NBN ROLLOUT: 'Ipswich treated like second class citizens'
COUNCILLORS have asked for an explanation from the National Broadband Network Corporation to why Ipswich residents are being treated like "second-class citizens".
Division 2 Councillor Paul Tully led the calls for the National Broadband Network Corporation to reveal the "black holes of Ipswich" - places with limited coverage - and said the government's rollout had created a class of "haves and have-nots".
"NBN has let down the people of Ipswich," he said.
Cr Tully's comments come after an internal report was presented to councillors detailing how the city could take advantage of a gigabit connection - the fastest in Australia.
The connection, which is available in Launceston and Hobart, offers users high download and upload speeds.
It is only available with fibre-to-the-premises or fibre-to-the-node NBN.
The council's report found gigabit services would become a normal requirement of domestic and commercial high demand users, but it "would not meet the demand in many areas of Ipswich".
"For Ipswich to continue its path as a recognised digital city it should review and address its connectivity demand, benefits, delivery and infrastructure options including but not limited to the NBN rollout," the report said.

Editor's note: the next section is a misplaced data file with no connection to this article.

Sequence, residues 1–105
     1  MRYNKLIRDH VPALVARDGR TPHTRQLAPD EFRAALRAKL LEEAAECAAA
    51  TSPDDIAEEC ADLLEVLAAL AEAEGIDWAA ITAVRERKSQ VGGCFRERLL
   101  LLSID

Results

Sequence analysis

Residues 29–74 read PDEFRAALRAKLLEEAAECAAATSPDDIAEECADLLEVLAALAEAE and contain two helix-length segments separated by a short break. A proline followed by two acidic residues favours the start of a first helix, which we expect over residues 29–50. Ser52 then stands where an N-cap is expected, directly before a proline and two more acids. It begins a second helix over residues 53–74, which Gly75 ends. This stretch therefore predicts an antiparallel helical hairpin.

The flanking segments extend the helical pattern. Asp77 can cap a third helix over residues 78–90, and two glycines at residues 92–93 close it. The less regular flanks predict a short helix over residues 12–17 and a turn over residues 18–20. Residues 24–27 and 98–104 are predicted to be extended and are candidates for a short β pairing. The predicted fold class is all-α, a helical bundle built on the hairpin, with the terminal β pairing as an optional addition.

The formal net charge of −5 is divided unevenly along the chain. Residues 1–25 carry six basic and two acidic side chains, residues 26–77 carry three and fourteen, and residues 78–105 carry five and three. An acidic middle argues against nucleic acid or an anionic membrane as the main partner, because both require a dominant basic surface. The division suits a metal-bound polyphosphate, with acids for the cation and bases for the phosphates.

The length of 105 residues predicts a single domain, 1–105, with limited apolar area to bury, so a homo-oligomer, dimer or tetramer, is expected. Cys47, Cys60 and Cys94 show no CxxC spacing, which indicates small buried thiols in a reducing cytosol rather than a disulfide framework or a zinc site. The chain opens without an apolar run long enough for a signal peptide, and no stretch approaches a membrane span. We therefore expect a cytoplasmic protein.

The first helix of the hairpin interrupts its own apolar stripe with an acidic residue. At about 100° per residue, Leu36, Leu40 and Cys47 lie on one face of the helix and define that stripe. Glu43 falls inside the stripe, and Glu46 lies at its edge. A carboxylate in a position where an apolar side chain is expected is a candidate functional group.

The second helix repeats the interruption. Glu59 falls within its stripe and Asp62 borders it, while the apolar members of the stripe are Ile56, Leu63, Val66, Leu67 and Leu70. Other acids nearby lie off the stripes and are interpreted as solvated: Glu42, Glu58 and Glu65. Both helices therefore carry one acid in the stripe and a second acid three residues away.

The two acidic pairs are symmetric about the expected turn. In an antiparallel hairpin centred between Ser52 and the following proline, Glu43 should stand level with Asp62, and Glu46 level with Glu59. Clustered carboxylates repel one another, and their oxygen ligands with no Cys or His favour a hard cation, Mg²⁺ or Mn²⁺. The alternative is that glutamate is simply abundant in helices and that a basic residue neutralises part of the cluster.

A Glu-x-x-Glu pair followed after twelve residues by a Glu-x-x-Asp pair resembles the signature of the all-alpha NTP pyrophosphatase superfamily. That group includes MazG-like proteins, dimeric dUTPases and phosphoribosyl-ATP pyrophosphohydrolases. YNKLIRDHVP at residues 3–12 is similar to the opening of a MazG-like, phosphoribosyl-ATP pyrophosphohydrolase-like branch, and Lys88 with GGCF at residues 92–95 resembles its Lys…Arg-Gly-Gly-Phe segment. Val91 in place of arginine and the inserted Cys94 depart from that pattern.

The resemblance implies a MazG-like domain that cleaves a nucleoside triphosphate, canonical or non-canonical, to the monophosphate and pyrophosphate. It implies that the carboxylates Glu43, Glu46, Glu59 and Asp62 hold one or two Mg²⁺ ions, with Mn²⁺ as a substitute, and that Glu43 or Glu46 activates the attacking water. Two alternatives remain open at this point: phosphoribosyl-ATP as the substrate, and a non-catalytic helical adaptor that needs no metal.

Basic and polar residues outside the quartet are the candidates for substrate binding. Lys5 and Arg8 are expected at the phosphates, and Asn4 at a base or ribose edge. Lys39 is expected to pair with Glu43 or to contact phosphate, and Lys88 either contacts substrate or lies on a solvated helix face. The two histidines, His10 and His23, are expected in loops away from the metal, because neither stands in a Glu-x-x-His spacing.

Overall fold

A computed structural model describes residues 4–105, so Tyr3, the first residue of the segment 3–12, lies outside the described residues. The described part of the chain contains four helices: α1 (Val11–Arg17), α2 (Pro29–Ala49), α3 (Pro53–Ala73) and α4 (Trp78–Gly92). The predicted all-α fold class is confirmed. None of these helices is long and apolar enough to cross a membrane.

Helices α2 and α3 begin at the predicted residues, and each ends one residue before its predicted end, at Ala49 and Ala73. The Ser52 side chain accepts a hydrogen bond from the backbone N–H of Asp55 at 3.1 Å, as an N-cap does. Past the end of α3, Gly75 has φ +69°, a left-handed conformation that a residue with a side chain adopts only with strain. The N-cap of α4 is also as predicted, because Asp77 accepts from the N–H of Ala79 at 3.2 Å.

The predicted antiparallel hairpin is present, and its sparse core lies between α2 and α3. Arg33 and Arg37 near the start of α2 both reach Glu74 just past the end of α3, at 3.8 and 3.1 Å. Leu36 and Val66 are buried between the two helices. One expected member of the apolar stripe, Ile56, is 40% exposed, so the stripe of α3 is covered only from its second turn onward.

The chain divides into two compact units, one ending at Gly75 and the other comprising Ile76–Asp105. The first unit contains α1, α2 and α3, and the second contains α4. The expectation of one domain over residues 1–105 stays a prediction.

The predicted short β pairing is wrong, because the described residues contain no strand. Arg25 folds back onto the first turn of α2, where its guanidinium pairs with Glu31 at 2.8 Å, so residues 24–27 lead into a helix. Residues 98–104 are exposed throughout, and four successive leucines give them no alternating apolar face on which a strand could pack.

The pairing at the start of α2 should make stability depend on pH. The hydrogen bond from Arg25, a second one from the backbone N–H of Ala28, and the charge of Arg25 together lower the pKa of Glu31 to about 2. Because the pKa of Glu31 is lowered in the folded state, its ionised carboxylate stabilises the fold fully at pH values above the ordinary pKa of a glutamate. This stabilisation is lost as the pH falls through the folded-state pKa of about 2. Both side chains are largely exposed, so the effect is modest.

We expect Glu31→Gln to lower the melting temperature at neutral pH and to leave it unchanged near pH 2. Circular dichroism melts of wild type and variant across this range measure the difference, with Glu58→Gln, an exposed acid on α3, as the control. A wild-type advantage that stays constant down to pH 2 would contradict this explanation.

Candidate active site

Cr Tully said the NBN had started to be rolled out well in the Ipswich region but said; "their timetable really has slipped".
"People are being treated as second-class citizens," he said.
Head of Queensland NBN local Ryan Williams said the corporation would continue to work closely with the Ipswich City Council and Cr Tully.
"Our goal is to ensure that all Australians, including those in Ipswich, have access to fast and reliable broadband as quickly and efficiently as possible," he said.
As at December 2017, about 39,000 properties in Ipswich could connect to the NBN fixed-line broadband network.